By Megan Reitz (auth.)
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Dynamically and dialectically rather than as a static construct’ (23). For example, Bakhtin (1981) saw language as a battle between centripetal and centrifugal forces (see Baxter 2004). Buber famously described in his work the tension between his central ideas of I–It and I–Thou (which are explained later in the chapter). 4 illustrates some key tensions which I perceive in the dialogue literature, and I position Buber’s perspectives amongst them. 4 shows again how eclectic and wide the literature on dialogue is.
Perhaps Cunliffe and Eriksen struggled with the tensions between recognising the ‘messiness’ and emergent nature of conversation on the one hand and the pressure to provide clarity through how-to advice on the other. Another tension might have been between depicting individuals as ‘normal’ on the one hand, yet describing what made them ‘leaders’ on the other. I am left wondering, if relational leadership is most concerned with the dynamic process of leadership, what might it be like, in a holistic sense, to be in relation within a context which is not limited to specific leadership roles?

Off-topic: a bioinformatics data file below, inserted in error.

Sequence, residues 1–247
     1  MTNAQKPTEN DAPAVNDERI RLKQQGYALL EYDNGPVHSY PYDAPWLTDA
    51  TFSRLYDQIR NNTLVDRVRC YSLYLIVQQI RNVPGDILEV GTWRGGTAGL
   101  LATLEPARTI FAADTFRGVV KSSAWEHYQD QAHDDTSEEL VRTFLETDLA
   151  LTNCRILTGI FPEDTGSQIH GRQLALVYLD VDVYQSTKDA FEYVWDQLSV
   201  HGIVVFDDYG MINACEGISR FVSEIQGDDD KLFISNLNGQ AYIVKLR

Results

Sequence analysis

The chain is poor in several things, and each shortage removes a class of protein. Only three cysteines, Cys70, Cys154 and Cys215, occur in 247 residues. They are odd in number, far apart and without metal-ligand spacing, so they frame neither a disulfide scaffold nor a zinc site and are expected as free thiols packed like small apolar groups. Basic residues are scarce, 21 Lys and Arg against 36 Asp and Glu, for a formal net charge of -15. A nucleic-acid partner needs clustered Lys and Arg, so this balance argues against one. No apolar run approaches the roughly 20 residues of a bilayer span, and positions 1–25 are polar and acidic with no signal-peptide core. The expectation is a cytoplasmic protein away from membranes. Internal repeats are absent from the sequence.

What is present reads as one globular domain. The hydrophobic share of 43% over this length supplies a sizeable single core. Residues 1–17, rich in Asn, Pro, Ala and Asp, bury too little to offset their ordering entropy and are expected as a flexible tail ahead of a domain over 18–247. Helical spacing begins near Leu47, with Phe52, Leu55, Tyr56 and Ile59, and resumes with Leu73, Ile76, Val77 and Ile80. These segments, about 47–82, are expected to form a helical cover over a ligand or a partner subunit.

Hammond et al. (2003) connect Buber’s work with being authentic as a leader. Finally Slotte (2006) uses Buber’s work to set out a methodology for dialogue interventions, claiming that certain conditions must be present for dialogue to emerge. In these ways authors have chosen aspects of Buber’s work to support their claims. Some delve more deeply into the ontological basis of Buber’s thinking, whereas others are satisfied in reading Buber’s work at a more superficial level, focusing on general practical features of ‘good open communication’.